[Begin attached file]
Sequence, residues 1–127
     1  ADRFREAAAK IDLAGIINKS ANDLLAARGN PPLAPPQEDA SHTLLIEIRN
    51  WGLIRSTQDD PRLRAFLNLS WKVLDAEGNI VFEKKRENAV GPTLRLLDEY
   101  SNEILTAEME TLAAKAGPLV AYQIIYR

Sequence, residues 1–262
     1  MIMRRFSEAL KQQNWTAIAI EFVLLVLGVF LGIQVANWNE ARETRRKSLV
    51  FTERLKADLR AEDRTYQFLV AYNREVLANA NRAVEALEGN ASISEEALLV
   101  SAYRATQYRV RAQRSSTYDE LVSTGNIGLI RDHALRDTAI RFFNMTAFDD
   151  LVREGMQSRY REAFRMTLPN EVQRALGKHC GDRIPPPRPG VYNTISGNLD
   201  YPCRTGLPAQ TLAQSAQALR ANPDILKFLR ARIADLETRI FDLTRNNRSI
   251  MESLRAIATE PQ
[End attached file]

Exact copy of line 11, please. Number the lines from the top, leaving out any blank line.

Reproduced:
   251  MESLRAIATE PQ